and is made in the discretion of the trial judge, the exercise of which will ordinarily not be reviewed.' (Emphasis supplied)
It was for the trial court to decide in its discretion whether the petitioner's 'dissatisfaction' merited delaying the trial and the appointment of new counsel to defend him. Such a request coming on the day of trial, and particularly in light of his attorney's statement that he had no notice of this fact as recently as three days before trial, fully justified the trial judge's refusal to appoint new counsel or grant a continuance. Ungar v. Sarafite, 376 U.S. 575, 589, 84 S. Ct. 841, 849, 11 L. Ed. 2d 921 (1964).
'The matter of continuance is traditionally within the discretion of the trial judge, and it is not every denial of a request for more time that violates due process even if the party fails to offer evidence or is compelled to defend without counsel.' Also see United States ex rel. Puntari v. Maroney, 220 F.Supp. 801 (W.D.Pa.1963); Com. v. Novak, 395 Pa. 199, 213, 214, 150 A.2d 102 (1959).
Our independent examination of the record discloses that petitioner's claim on this ground is without substance and it is accordingly dismissed.
The two remaining constitutional claims are: that the petitioner was denied due process because he was not accorded a speedy trial; and the indictment is defective because the petitioner never signed it when he entered his guilty plea. While it is unfortunate that the petitioner was confined for nearly two years before trial, he has not stated any facts in his petition which show that this delay caused the trial to be unfair. Furthermore, since the petitioner did not allege that he had demanded an earlier trial he is not entitled to protest at this late date. Hastings v. McLeod, 261 F.2d 627, 628 (10 Cir. 1958).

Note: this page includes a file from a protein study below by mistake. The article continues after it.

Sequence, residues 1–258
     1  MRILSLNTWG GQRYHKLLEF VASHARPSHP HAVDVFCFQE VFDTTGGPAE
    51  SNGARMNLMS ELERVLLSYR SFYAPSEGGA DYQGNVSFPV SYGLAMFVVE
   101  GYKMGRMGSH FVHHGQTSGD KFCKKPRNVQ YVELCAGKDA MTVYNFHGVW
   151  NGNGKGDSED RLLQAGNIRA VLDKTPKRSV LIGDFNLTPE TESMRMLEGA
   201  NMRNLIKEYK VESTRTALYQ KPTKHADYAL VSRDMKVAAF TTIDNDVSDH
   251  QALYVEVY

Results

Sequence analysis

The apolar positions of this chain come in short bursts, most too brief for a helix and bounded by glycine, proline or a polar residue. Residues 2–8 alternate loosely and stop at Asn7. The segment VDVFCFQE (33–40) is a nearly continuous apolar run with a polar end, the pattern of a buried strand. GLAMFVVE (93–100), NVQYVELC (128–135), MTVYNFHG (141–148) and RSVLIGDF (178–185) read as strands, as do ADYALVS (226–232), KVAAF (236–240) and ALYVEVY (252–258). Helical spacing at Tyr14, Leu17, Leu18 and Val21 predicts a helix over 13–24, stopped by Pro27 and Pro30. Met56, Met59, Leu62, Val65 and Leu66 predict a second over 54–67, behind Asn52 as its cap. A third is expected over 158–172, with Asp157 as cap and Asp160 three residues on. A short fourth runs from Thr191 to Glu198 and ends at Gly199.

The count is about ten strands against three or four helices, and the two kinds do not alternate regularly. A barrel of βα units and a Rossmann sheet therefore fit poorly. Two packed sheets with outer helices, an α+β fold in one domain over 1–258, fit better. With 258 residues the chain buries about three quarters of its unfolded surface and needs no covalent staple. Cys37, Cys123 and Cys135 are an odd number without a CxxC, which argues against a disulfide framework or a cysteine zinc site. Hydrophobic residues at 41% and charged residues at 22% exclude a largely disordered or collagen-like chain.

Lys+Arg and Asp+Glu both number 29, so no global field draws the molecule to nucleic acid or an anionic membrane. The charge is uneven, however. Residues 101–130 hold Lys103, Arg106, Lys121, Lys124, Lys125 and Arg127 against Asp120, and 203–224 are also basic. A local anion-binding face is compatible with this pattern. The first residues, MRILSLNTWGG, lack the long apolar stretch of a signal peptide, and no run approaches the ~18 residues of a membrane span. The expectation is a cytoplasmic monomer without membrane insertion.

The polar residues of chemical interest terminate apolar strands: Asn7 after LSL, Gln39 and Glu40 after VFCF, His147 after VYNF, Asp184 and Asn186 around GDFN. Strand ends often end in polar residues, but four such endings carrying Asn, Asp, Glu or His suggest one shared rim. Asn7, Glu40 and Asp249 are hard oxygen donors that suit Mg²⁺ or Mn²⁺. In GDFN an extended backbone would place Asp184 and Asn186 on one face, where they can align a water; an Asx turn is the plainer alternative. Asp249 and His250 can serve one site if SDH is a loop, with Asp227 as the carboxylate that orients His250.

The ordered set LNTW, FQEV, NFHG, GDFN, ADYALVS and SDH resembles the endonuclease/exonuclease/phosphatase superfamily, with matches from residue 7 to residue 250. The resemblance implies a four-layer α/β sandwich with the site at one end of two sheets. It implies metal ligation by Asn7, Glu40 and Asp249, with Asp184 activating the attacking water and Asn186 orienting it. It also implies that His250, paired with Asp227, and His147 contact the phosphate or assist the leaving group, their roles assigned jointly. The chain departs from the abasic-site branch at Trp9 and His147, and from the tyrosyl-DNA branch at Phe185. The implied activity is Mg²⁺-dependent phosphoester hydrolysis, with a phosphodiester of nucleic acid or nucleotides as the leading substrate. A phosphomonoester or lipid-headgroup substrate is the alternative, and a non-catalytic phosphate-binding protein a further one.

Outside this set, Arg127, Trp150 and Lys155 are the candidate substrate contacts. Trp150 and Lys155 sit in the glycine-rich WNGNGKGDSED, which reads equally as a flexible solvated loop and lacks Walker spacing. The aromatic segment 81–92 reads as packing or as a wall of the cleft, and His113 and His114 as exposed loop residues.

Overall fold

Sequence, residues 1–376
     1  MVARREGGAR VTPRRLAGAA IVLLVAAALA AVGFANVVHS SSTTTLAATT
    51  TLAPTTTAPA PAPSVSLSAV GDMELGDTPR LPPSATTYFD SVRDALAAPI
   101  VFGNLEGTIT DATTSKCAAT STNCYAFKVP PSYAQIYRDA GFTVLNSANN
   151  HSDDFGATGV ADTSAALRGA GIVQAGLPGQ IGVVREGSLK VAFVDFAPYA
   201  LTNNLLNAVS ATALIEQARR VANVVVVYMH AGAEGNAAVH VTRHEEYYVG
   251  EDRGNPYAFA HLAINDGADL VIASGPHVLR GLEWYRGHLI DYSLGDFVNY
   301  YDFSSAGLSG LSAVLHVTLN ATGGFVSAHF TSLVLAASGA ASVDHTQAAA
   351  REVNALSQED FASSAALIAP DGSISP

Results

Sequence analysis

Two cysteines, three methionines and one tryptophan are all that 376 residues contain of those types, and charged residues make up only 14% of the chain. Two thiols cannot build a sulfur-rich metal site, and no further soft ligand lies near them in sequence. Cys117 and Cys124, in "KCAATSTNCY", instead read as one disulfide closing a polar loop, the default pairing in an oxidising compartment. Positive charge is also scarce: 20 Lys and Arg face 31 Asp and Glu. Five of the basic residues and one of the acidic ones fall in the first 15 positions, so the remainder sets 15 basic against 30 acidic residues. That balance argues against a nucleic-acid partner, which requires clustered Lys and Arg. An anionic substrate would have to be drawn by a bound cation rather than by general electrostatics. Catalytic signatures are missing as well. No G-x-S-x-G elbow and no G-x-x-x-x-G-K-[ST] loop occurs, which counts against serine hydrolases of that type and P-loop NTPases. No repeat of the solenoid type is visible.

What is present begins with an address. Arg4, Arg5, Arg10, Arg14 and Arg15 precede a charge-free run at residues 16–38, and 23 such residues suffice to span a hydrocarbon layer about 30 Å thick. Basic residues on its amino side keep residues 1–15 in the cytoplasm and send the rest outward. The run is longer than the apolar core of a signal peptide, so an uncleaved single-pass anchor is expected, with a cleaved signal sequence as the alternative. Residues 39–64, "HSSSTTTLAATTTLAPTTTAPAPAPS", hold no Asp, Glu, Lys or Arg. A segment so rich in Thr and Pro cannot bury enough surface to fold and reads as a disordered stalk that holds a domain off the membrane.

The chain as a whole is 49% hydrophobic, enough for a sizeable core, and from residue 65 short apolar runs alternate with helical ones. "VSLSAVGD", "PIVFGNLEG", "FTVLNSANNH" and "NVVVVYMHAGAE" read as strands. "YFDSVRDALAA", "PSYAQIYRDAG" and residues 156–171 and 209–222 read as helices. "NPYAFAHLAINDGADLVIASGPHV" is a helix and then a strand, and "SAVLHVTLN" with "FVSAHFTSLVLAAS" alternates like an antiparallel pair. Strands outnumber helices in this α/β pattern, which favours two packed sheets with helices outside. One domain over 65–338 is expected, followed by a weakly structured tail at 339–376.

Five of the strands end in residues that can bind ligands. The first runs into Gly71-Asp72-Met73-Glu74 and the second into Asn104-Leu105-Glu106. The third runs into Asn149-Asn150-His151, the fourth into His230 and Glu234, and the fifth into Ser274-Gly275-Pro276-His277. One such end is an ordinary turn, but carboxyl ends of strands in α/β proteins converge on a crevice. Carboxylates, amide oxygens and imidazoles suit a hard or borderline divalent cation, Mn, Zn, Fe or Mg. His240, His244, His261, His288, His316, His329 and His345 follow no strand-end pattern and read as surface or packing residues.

The petitioner's attack on the indictment is frivolous and only goes to a defect of form which did not deprive the court of jurisdiction. Where the record shows, as does the instant case, that the defendant was informed of the precise accusation to which he was to plead and with such knowledge he pleads guilty, the mere absence of his signature does not vitiate an otherwise correct indictment. Com. ex rel. Banky v. Ashe, 142 Pa.Super. 396, 16 A.2d 668 (1940). The writ of habeas corpus will not lie to question the sufficiency of an indictment which on its fact is within the jurisdiction of the court to which it was returned and a writ of habeas corpus will not serve as a writ of error. United States ex rel. Potts v. Rabb, 141 F.2d 45, 47 (3 Cir. 1944); cert. denied 322 U.S. 727, 64 S. Ct. 943, 88 L. Ed. 1563 (1944).
While we have examined the merits of the petition, it also appears that a dismissal is warranted because of the petitioner's failure to exhaust his available State remedy of writ of error coram nobis. In United States ex rel. Wilkins v. Banmiller, 325 F.2d 514, 518 (3 Cir. 1963), the Court held that a prisoner who alleged that his plea of guilty to murder was coerced by the actions of the trial judge and his counsel was required to file a writ of error coram nobis in the Pennsylvania State Courts before proceeding in the Federal Court via habeas corpus.
In so ruling the Court said at page 518:
'It has been specifically held that it (coram nobis) is available 'to set aside a conviction obtained by duress or fraud' and 'to prevent a miscarriage of justice."
On either basis the petition is denied.
The Court gratefully acknowledges the unselfish service rendered by David S. Shrager, Esq., who accepted the Court's appointment as counsel for the petitioner.
And now, this 25th day of August, 1964, the petition for a writ of habeas corpus is denied.